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Sequential radiotherapy demonstrated preliminary efficacy and safety as a potential alternative to systemic therapy in patients with oligometastatic renal cell carcinoma.
Sequential radiotherapy demonstrated preliminary efficacy and safety as a potential alternative to systemic therapy in patients with oligometastatic renal cell carcinoma (RCC), according to findings from a phase 2 study (NCT03575611) published in The Lancet Oncology.1,2
The results showed that at a median follow-up of 17.5 months (interquartile range, 13.2-24.6), the median progression-free survival (PFS) was 22.7 months (95% CI, 10.4–not reached [NR]). The 1-year PFS rate was 64% (95% CI, 48%-85%).
“These findings are exciting because we’re challenging the dogma in radiation oncology that RCC is biologically radioresistant,” lead study author Chad Tang, MD, an assistant professor of radiation oncology at The University of Texas MD Anderson Cancer Center, said in a news release.2 “Our strategy to iteratively radiate tumors as they grow and appear has demonstrated promising results. This adds to a growing body of evidence suggesting/indicating radiation therapy could offer an alternative treatment beyond systemic therapy for patients with this disease.”
Regarding the impetus for the study, the role of radiotherapy in metastatic RCC is unclear. To better understand its potential use prior to metastatic disease progression, investigators prospectively evaluated the efficacy and safety of radiotherapy as a means of delaying systemic therapy for patients with oligometastatic RCC.
From July 13, 2018, to Sept 18, 2020, investigators at MD Anderson enrolled 30 adults with 5 or fewer metastatic lesions into the single-arm trial. Women made up 20% (n = 6) of the cohort. All patients had clear cell histology and had a nephrectomy prior to enrollment. Eligible patients had an ECOG performance status of 0 to 2 and were allowed 1 or fewer prior systemic therapies if the therapy was stopped at least 1 month before enrollment.
Patients received 5 or fewer fractions with at least 7 Gy per fraction of stereotactic body radiotherapy (SBRT) to all lesions. If patients could not safely receive SBRT, patients received hypofractionated intensity-modulated radiotherapy regimes consisting of 60 Gy to 70 Gy in 10 fractions or 52.5 Gy to 67.5 Gy in 15 fractions. Additional cycles of radiotherapy were allowed to treat subsequent sites of progression.
“By developing this novel radiation treatment strategy, we sought to shift the treatment paradigm in an effort to provide select RCC patients with a lower-cost, less toxic alternative treatment to systemic therapy,” Tang said.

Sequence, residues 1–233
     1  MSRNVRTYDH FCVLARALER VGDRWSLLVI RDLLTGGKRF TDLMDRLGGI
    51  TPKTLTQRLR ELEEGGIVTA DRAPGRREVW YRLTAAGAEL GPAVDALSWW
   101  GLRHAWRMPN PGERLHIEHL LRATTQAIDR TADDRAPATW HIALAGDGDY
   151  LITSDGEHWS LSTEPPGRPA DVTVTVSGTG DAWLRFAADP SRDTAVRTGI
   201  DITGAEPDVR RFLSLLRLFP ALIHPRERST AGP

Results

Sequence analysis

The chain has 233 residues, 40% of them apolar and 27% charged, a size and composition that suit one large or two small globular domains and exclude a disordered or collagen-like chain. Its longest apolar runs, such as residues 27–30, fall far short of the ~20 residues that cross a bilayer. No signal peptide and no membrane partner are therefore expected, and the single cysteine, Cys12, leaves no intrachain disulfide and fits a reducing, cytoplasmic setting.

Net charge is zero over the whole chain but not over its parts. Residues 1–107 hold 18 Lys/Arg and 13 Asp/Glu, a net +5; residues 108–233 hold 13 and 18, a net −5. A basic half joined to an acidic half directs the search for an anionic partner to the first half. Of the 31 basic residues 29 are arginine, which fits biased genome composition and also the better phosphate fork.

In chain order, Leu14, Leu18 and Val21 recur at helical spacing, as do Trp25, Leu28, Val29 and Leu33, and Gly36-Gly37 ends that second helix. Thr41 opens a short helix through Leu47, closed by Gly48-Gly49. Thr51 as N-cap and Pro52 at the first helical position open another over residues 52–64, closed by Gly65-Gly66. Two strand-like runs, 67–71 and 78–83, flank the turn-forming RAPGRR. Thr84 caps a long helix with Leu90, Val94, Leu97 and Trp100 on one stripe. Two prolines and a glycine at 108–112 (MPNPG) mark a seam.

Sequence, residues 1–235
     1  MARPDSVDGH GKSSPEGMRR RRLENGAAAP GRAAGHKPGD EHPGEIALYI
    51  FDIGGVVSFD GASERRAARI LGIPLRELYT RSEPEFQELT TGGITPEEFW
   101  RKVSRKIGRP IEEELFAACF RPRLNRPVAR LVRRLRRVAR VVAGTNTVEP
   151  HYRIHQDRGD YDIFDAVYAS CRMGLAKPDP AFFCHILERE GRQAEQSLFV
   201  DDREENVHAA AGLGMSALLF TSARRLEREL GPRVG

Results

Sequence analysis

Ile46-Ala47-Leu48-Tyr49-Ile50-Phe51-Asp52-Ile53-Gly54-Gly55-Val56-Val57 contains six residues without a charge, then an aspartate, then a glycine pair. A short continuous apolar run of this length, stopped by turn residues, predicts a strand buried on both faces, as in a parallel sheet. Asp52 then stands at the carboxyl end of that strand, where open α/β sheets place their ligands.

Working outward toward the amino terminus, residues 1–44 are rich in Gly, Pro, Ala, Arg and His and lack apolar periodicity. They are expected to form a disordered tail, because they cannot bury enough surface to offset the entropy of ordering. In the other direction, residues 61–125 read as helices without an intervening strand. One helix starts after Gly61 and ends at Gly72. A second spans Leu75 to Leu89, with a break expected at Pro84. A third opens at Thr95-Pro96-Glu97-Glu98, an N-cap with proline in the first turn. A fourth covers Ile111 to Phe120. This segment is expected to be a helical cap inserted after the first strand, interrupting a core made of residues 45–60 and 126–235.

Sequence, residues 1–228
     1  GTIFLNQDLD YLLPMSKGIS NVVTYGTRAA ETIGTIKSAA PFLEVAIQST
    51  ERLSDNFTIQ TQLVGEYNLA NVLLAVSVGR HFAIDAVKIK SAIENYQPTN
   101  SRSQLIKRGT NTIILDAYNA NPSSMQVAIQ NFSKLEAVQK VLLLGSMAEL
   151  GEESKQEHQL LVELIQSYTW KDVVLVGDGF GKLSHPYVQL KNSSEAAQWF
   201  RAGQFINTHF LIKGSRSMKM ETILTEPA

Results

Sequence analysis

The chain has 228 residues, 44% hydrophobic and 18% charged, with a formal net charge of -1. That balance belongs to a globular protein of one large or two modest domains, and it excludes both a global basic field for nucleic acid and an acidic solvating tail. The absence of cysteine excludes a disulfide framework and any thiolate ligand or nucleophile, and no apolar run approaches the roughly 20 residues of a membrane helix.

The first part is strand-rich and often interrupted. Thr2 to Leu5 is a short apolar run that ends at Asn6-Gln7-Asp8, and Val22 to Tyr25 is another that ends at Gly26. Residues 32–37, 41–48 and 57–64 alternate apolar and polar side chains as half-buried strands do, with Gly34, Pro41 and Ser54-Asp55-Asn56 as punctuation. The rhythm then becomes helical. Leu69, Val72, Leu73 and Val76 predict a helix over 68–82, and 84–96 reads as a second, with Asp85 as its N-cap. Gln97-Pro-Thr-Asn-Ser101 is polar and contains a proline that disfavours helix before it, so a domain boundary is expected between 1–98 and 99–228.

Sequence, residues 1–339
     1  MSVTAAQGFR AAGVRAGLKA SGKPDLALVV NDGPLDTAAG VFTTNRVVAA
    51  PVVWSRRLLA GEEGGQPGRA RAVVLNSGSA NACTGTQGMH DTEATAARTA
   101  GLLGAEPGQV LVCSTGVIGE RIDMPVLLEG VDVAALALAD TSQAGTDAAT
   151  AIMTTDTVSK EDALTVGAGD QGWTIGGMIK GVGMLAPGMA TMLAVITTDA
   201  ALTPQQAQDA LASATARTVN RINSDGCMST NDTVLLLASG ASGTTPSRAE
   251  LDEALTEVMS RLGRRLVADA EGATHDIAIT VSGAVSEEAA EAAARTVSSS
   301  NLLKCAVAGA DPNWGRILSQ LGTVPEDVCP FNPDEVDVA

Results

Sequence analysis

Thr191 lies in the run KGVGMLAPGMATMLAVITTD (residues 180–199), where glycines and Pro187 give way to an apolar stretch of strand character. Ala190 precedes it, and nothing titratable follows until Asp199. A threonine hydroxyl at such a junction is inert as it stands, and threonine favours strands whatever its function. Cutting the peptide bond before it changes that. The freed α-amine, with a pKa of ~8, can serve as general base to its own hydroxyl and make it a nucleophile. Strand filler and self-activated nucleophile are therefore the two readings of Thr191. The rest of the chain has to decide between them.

Feasibility, defined as all planned radiotherapy completed with fewer than 7 days of unplanned breaks, was a co-primary end point with PFS. All efficacy analyses were based on the intention-to-treat population. Safety was analyzed in the treated population.
All patients completed at least 1 round of SBRT with fewer than 7 days of unplanned breaks.
Additional results demonstrated that the 1-year overall survival rate was 100%. Seven (23%) patients started systemic therapy, resulting in a 1-year systemic therapy-free survival probability rate of 82% (95% CI, 70%-98%) and a median systemic therapy-free survival that was not reached (95% CI, 16.1-NR).
Six (20%) patients started systemic therapy for progression, and 1 (3%) started systemic therapy without evidence of progression due to provider choice.
In terms of safety, 3 (10%) patients had severe adverse effects: 2 grade 3 events of back pain and muscle weakness and 1 grade 4 hyperglycemia. There were no treatment-related deaths.
“Given these results, I’m encouraged that serial radiation therapy for oligometastatic RCC has the potential to be practice-changing,” Tang said. “We are giving patients another option for treatment that minimizes the burden of toxicity on the body, while extending survival and maximizing their quality of life. We plan to continue studying this strategy on patients with slightly larger burdens of disease and to analyze biomarkers from these treated patients to improve our ability to select patients who benefit from this treatment.”
Investigators have initiated a second cohort evaluating the feasibility of sequential SBRT alone in patients with low-volume metastatic disease. These data will be reported later.